AUSTIN (KXAN) – There are tens of thousands of parking spots in Austin, but finding a good one can be daunting. On average, Americans waste over seventeen hours and $345 a year while looking for parking, according to the traffic research group Inrix. However, new research has found the best strategy to avoid this.
Parking using math!
Published in this month’s Journal of Statistical Mechanics, physicists Paul Krapivsky and Sidney Redner attempted to determine the best strategy for parking. They defined the best parking space as the one that minimizes time spent in the parking lot, which includes both time driving and time walking to and from the store.
Here’s their hypothetical example: A single row parking lot is filled with cars, then three types of drivers enter the lot. The first, the ‘meek’ driver, enters and takes the first spot they see and ignores spots closer to the store. The second, the ‘optimist,’ drives all the way to the store’s entrance and then goes backward until they find a good spot. Finally, the ‘prudent,’ passes the first spot they see and tries for one closer. If there are not any close spots, the ‘prudent’ will circle back to the spot they first saw.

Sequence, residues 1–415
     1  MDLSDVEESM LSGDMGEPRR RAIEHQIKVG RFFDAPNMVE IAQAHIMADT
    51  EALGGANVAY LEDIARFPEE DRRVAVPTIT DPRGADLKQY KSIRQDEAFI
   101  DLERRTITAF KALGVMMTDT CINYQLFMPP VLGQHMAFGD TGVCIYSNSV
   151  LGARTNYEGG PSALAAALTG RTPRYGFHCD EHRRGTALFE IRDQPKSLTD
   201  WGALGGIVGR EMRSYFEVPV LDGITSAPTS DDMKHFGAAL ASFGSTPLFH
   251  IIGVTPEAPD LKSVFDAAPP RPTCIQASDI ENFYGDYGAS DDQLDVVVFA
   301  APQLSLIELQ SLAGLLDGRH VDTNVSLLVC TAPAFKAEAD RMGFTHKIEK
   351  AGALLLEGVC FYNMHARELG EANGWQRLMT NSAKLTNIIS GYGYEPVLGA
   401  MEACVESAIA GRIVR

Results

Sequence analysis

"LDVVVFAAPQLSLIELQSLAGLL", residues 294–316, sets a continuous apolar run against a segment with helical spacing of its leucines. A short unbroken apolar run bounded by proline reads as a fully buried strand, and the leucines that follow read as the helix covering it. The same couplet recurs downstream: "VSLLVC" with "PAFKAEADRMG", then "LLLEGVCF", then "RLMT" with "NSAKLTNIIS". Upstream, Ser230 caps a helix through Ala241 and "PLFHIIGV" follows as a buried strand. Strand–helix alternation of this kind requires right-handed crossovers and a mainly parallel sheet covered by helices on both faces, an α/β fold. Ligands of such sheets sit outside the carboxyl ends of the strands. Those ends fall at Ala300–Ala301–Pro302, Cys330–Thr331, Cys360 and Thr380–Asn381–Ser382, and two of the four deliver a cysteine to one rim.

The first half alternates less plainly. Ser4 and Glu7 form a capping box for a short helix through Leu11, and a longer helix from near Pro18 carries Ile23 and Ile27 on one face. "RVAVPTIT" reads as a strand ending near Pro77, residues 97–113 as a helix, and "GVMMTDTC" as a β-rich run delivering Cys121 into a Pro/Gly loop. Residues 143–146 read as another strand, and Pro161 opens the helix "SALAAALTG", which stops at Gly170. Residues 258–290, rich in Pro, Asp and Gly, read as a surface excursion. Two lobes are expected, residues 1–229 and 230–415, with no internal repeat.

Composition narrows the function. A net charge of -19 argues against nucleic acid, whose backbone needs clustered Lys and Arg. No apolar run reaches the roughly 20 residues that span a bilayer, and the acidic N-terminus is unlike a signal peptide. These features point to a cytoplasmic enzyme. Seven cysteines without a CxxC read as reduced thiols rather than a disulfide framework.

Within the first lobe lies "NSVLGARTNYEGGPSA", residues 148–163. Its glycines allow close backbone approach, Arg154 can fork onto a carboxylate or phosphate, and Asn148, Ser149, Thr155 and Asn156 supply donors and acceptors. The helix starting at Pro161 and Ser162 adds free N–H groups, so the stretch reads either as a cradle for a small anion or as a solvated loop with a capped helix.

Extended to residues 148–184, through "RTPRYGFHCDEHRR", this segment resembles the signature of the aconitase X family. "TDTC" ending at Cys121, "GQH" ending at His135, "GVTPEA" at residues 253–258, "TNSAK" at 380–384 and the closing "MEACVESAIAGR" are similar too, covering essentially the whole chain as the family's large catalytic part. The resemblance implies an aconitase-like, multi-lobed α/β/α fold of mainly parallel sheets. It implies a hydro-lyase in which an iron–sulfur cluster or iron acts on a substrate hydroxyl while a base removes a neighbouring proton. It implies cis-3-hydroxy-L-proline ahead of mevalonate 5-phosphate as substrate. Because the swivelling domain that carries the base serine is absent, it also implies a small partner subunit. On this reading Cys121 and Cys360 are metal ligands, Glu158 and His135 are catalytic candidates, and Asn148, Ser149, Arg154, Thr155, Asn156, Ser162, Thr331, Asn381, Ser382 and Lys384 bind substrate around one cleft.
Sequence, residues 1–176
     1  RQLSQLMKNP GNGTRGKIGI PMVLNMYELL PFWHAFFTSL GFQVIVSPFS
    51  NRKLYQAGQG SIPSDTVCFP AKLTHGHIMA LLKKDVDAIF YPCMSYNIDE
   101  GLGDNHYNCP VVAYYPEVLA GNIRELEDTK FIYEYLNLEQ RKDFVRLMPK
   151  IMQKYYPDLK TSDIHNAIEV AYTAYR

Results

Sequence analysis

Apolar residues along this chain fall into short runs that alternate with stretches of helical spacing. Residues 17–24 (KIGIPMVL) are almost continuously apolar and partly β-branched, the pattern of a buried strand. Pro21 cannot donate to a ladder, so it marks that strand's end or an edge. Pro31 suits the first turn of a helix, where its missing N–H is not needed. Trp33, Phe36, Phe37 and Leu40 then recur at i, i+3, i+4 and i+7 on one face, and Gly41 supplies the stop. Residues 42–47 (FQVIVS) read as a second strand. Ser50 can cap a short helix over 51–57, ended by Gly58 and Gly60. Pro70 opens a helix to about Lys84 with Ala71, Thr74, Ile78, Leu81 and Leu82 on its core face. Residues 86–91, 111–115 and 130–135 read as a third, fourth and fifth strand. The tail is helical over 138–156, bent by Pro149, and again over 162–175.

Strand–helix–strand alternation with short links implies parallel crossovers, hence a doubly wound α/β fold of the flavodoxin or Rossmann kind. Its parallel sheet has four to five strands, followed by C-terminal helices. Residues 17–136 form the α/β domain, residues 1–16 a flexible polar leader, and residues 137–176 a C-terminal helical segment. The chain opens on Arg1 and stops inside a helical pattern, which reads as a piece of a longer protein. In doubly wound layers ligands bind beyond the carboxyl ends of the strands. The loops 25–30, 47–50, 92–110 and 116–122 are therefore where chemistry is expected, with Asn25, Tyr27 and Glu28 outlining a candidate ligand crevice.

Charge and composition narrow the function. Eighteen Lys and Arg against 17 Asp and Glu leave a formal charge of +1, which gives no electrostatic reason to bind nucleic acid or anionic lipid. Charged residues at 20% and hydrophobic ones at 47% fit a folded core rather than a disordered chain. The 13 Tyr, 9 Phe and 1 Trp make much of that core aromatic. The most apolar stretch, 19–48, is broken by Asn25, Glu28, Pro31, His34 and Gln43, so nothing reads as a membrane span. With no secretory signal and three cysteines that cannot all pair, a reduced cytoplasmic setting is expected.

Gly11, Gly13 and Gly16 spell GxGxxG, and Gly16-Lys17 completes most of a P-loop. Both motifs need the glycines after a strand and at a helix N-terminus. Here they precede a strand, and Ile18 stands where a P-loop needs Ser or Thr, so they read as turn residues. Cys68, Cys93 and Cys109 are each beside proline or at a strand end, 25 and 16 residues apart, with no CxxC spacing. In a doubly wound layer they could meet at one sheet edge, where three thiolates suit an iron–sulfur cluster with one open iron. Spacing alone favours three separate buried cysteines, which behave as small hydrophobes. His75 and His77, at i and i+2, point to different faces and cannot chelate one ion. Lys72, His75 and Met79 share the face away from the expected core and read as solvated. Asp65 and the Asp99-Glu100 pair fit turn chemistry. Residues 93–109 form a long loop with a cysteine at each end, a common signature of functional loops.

The best parking strategy
The research found that the ‘prudent’ driver spent the least amount of time in the parking lot, with the ‘optimist’ coming in second, and the ‘meek’ spending the most time. The physicists came to their conclusion using computer models, mathematics and even by looking at how living cells develop.
The physicists say the paper doesn’t consider human nature, like competition or the desire for a spot with shade. Hopefully their research can help you save a few bucks and a few hours the next time you head to the store.